Cockpit Refurbished

The wrinkled paint of my Guzzi “dashboard” was gone years ago. The rattling keys left marks on the paint; so did the weather and my daily (ab-) use. Time for a change…!

I had the dash disconnected already when removing the front fork. Dismantling all bulbs, speed and rev counter was no big deal then. But I made sure to install everything correctly later by making some notes and a quick wiring diagram. The old paint came off with a grinding wheel driven by my drilling machine. It was a very dirty work, so I secured my face from dust, dirt and spalls with glasses and a breathing mask.

Due to an electrical malfunction in the original ignition lock, I also wanted to switch to a new one with starting function (like in a car and some old Guzzi V7 models). I found a new part on Ebay. My hope: It would not only cure the potential problem, but also offer the very cool option of starting the bike with a turn of the key rather than pushing a huge ugly button on the right side of the handle bar. We´ll see later if connection and function match my expectations…

The new lock can basically be mounted in the hole of the cockpit. But it does not fit perfectly, nor does it give you the chance of using the two fixing lobes in the dash. So I reshaped one particular diameter of the lock casing with a file and made it fit. Two matching drill holes allowed for clearance in the fixing lobes.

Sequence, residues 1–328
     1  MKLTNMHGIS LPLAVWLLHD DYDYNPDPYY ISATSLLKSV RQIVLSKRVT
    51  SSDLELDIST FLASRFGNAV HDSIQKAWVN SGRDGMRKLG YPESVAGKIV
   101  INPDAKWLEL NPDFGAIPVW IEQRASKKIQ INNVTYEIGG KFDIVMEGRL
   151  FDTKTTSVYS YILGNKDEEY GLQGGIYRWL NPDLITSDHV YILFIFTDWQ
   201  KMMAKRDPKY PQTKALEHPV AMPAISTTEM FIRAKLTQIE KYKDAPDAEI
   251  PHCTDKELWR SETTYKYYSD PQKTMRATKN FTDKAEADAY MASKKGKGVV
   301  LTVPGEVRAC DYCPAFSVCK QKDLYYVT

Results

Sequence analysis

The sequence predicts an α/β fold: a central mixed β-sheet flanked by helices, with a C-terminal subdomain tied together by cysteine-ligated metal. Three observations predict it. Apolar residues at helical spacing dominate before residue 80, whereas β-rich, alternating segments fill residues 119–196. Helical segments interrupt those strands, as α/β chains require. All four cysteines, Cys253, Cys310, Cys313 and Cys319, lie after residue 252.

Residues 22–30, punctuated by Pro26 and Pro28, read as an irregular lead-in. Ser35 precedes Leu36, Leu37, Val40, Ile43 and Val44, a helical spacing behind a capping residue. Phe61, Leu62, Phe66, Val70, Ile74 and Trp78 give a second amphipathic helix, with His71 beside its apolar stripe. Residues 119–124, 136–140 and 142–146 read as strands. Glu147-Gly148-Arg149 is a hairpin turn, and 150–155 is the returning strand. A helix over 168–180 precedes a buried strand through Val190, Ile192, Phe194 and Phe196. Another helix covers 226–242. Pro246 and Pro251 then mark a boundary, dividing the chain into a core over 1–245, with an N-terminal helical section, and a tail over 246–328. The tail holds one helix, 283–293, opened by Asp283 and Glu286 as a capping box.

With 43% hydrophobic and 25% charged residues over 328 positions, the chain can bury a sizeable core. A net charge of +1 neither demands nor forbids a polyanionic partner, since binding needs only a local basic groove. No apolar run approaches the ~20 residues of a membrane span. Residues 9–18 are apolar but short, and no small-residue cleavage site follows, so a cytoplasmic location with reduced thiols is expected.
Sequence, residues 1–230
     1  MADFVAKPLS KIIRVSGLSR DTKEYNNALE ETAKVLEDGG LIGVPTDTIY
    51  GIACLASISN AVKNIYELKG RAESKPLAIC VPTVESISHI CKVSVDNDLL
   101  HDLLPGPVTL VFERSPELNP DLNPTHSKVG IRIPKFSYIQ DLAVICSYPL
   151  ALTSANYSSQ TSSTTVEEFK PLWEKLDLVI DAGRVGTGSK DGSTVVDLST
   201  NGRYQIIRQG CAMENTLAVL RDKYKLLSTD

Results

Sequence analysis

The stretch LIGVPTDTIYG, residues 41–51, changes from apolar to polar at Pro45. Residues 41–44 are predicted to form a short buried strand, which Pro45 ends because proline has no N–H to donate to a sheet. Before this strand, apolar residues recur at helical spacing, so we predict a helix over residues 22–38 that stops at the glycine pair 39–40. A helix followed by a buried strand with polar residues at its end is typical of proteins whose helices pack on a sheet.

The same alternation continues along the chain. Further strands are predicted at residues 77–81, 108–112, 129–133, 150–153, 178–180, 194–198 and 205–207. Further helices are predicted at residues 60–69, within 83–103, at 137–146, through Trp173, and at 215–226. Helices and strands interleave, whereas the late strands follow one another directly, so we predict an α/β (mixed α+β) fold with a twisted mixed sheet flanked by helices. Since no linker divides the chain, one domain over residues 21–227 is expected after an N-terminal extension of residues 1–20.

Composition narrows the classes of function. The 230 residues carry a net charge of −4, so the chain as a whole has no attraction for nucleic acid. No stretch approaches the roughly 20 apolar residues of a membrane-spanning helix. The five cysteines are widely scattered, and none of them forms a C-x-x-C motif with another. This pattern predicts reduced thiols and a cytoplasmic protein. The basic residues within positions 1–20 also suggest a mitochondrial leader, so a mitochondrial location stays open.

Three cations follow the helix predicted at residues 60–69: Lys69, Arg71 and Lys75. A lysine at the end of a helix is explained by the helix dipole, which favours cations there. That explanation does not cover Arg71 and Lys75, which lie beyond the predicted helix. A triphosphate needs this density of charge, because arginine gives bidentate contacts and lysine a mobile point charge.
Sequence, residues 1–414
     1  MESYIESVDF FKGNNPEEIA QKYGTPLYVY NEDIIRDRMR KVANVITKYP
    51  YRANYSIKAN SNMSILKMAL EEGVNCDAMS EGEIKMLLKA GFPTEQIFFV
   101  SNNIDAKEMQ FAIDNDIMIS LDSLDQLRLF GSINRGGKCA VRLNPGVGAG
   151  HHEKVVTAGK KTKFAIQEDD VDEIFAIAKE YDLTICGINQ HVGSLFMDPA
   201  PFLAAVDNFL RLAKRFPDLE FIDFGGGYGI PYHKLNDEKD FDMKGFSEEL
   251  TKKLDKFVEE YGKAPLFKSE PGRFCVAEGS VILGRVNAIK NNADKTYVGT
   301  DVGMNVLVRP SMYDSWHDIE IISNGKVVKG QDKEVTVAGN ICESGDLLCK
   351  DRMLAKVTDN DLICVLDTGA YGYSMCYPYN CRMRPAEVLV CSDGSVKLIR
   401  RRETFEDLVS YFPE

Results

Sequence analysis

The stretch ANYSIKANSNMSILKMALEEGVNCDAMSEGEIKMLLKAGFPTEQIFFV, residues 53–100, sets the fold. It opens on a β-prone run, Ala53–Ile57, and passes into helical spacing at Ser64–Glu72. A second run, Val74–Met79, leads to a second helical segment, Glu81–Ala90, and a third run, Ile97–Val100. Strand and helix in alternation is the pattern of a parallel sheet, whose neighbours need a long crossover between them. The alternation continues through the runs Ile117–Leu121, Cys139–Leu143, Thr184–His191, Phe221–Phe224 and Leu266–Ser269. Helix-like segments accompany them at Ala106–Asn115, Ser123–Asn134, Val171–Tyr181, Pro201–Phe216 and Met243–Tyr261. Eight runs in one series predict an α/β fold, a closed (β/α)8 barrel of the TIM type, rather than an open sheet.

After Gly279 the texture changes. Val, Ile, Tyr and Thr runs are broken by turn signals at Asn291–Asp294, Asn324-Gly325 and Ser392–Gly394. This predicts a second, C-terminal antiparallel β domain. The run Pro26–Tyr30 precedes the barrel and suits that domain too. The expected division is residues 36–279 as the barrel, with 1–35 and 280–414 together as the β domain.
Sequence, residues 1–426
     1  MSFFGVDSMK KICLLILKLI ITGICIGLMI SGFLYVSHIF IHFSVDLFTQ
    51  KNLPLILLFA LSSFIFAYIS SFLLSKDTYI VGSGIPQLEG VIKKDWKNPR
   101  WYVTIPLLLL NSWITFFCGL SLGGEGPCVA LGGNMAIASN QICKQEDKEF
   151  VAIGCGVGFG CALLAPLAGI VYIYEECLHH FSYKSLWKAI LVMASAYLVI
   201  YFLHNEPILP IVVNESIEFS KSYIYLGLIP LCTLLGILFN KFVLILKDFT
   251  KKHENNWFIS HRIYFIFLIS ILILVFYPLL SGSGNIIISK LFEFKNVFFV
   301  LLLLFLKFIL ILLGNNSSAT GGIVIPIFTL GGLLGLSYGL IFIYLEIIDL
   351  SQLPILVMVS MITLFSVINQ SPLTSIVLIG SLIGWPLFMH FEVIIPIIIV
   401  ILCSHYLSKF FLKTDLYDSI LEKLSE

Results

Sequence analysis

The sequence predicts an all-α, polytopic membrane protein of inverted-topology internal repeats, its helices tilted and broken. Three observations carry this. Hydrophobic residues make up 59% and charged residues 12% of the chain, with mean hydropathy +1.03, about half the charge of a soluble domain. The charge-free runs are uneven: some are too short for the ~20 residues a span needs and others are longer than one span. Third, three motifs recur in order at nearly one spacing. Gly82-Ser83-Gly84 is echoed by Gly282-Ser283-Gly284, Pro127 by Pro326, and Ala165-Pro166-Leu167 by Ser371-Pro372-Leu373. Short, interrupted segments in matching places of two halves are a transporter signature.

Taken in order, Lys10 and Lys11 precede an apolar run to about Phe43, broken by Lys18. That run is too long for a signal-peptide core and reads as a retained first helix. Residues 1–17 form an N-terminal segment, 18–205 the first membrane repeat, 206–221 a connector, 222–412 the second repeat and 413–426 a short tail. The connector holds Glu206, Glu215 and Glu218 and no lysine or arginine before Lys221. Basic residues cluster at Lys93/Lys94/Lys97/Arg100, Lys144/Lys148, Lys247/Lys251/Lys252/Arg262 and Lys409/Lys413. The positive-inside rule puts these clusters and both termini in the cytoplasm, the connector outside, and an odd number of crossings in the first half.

I´m not sure yet whether to use the original (bigger) lock nut or the new (smaller) one for the ignition lock (I would need to widen the thread of the old one). Luckily, the old Bosch flap cover will fit onto the lock body in both cases – something very important to me.

Finally, I went for a respray, using wrinkled paint in a spray can. This stuff is more resistant than usual spray products, accepts much more heat (max. 350 °C) and looks just the part. But it takes way longer to harden.

I cleaned the cockpit surface thoroughly and gave it a first try. The color did not immediately appear wrinkled. It took many hours, if not a day to develop the 3D surface structure. It´s tricky to foresee where wrinkles will appear (mostly on flat, horizontal areas; slopes were relatively smooth). I was not lucky with the first result (after 24 hours). A more homogeneous dispersion of wrinkles on the surface could be reached with another layer of spray. And further hardening time. Finally, it took me three days and three layers of paint to accomplish my tiny painting mission. A proper heating phase (90 °C) for one hour in the kitchen oven (after 24 hours of natural hardening) finished this tiny sub-project.

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